A fun night out can take a disastrous turn if an impaired person gets behind the wheel of a car. Alcohol can easily convince a person that they’re sober enough to drive when they’re not. Police are trained to spot impaired drivers on the road, and they’re likely to stop you. Worse still is the potential for an accident that could harm you and others.

Unfortunately for those in the medical field, a DUI may have even more consequences. You are required to report any criminal convictions, including DUIs, to the Medical Board of California. It is then up to the board members to decide what kind of punishment, if any, is appropriate.

Potential punishments for a DUI

The medical board sees drunk driving offenses as improper conduct and poor judgment from a healthcare professional. As a result, they decide on the penalties for doctors who are not living up to the standards required to hold a medical license.

Last year, the medical board placed a doctor on five years of probation after he got a second DUI. He will not be able to run a solo practice and his work will be subject to oversight. This case is a good illustration of how seriously the Medical Board of California treats DUIs.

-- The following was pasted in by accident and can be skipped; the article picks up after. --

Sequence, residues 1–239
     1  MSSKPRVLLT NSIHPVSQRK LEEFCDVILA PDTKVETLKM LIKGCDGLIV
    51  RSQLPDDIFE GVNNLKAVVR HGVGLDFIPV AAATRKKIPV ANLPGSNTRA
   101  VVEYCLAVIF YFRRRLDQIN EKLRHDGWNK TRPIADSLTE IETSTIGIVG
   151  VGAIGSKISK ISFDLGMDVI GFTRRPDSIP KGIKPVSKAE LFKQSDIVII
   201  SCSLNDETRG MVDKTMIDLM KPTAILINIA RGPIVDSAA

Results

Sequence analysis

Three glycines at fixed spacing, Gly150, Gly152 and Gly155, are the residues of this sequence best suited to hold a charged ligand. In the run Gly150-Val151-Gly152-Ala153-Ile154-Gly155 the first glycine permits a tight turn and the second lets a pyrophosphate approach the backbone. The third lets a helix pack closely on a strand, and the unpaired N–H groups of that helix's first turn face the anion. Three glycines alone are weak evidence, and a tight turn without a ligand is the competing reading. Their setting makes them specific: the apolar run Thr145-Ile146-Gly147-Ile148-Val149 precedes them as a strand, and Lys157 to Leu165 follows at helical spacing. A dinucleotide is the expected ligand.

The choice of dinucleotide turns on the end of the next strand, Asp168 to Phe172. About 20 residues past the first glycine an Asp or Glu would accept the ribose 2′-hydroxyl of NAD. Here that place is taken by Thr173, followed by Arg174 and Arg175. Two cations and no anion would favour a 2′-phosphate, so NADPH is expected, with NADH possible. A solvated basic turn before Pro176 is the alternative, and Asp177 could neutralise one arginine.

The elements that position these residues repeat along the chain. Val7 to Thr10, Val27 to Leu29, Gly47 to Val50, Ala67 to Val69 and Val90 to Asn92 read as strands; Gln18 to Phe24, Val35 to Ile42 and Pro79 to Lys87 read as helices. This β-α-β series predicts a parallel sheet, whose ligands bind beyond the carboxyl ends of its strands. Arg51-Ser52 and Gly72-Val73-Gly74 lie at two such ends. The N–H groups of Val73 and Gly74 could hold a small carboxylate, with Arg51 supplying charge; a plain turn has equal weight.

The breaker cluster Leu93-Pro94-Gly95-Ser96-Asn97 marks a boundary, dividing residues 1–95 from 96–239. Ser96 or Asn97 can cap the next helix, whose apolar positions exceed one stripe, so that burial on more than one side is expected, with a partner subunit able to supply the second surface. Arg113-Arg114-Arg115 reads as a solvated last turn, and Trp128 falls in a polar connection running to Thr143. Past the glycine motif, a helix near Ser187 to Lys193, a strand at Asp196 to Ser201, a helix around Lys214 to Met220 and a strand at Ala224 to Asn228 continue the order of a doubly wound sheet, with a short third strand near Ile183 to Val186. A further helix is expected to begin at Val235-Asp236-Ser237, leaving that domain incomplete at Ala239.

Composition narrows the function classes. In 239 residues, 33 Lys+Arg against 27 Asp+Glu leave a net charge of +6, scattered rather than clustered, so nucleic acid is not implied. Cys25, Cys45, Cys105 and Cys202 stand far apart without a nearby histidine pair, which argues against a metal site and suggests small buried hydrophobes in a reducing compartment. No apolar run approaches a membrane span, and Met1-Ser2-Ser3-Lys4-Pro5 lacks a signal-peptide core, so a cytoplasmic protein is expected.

If you find yourself charged with driving under the influence, here are some penalties or punishments you could find yourself subjected to:

  • Ban from alcohol: If it appears that a doctor has an unhealthy relationship with alcohol, the medical board could mandate that they no longer drink it for a specified period. This punishment could also include therapy to address why they have problems controlling their drinking.
  • Limit of work activities: Doctors may face certain restrictions on what medical duties they can perform. The board may also subject them to monitoring to ensure alcohol, or lack thereof, is not impacting their work.
  • Revocation of medical license: In severe cases, the Medical Board of California may find a physician unfit to continue their duties as a healthcare worker. The board could decide to revoke a doctor’s license, which would prevent them from practicing entirely in California.